I’ve been to the rotting sewer tunnels submerged beneath the Martian domes. I’ve been to the most remote slums on Earth, and to the depths of asteroid mining colonies where being able to see the outline of your own hand in front of your face was considered bright. I’ve seen death all over and been on the end of the killing more times than I cared to count . . .
When he's not reminiscing like an inverse-Roy Batty, Malcolm Graves is a bounty hunter of sorts -- working for one of the handful of corporations that really run the solar system. He's been at it longer than most, and has no intention of retiring anytime soon. His body, however, might have other things in mind -- he's slowing a bit, both in reflex and thought -- add in a little bad luck, and Malcolm's starting to worry about his future.
So when he's near the site of a terrorist attack during Earth's biggest celebration, he seizes the opportunity to get some justice and re-establish his position with the company. Sure, they're saddling him with a partner rather than letting him work alone, but if that's what it takes. . . . Only it's not just a partner, it's a young guy, fresh from an elite training program for exceptional cadets. Zhram is almost an android, it seems.
Their investigation brings them into contact with a seditious group, trying to overthrow the ruling forces on Saturn's moon, Titan, so that the descendants of the original colonists (Titanborn). It soon becomes a race against time -- can the duo find those responsible for the crime on earth and bring them in before the movement can grow and begin to make inroads against the ruling powers? Why they attempt to do so, their partnership grows and the two being to trust and learn from each other. Zhram is one of the more promising characters in the Lt. Commander Data/Odo/Sheldon Cooper-vein of people trying to learn to be more human that I've seen recently.
At its core, the central relationship is the classic mismatched police partners (see the Aykroyd/Hanks Dragnet, Lethal Weapon), but with a SF twist (see The Caves of Steel and Almost Human). The book is full of themes, tropes and scenarios straight from these (and similar) sources. Which isn't to say that Titanborn is derivative -- it's part of the tradition, reflecting the best parts of its antecedents, shaping them to tell Bruno's story.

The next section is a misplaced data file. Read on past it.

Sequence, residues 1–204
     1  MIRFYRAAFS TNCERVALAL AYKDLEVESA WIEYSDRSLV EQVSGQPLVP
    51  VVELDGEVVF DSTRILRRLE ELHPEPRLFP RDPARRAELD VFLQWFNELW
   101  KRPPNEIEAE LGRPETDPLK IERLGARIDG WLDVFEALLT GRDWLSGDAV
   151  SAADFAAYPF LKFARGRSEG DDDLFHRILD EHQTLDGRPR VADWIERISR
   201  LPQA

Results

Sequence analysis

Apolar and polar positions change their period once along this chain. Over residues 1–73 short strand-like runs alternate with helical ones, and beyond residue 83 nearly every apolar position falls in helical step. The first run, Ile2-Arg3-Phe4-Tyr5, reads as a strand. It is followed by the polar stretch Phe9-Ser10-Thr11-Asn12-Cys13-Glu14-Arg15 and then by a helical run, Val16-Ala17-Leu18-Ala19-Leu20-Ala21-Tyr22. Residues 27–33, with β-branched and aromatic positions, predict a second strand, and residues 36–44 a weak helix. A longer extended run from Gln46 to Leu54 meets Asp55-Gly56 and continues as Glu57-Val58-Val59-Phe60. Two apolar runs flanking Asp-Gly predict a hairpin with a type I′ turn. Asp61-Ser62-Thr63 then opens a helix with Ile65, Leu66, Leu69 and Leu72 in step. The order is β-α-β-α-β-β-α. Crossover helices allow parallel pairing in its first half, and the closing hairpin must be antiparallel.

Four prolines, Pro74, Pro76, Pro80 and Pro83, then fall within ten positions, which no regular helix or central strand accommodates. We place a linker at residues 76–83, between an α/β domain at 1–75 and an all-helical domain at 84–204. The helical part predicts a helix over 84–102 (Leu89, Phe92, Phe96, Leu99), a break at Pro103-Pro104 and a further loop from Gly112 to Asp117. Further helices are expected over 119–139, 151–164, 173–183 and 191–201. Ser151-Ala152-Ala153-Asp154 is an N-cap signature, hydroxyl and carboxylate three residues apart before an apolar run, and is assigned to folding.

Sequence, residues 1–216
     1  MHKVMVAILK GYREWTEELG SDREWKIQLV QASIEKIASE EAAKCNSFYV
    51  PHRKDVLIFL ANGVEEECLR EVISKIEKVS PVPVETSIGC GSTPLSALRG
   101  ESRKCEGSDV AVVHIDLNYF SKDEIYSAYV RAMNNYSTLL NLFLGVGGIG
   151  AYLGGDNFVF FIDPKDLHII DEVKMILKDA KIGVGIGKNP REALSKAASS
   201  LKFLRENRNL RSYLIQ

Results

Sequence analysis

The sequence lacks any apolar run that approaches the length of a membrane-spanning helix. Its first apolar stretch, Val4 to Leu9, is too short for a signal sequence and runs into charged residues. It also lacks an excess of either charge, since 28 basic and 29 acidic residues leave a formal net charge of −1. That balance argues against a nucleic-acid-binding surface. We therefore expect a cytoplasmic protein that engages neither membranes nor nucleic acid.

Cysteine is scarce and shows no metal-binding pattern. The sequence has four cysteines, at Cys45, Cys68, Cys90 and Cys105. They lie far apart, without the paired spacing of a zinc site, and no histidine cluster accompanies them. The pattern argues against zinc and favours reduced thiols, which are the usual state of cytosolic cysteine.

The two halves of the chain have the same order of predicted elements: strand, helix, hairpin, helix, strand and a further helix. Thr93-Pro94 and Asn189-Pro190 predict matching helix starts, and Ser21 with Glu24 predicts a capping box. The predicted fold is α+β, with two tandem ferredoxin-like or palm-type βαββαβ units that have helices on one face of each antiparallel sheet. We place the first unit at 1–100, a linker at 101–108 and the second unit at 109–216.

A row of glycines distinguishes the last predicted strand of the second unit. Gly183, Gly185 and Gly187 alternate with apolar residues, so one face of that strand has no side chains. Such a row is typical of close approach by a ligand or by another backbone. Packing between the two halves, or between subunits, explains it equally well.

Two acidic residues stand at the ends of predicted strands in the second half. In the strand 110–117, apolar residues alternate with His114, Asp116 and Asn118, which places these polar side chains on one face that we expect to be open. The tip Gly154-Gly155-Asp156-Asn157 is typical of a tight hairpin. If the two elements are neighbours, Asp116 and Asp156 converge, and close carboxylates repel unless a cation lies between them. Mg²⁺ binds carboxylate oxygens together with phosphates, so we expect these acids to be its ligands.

The writing was strong (I thought a couple of times early on that he overwrote a line or two, but nothing too horrible) -- the fight scenes good, the tech was believable, etc. An all-around well constructed novel.
I've said it before, I'll say it again -- it doesn't matter if you tell a story that's been told before, or using tropes commonly used -- it's how you use those tropes, how you tell the story -- and Bruno did it in a very satisfactory way. I liked Malcolm from the get-go, I enjoyed watching the budding partnership between he and Zhaff, and even though I pegged (most of) the solution very early on, I really dug the reveal. I liked the characters, I appreciated the way that Bruno paced things and guided us through the shaky political landscape (and at least some of the reasons for the instability). I'd gladly read another half-dozen (at least) novels about these two racing around the solar system.
Disclaimer: This was provided to me by the author in exchange for my honest take on the book -- note that I said "honest" and not "timely." I was supposed to have this done months ago. My thanks for the book and apologies for the tardiness, Mr. Bruno.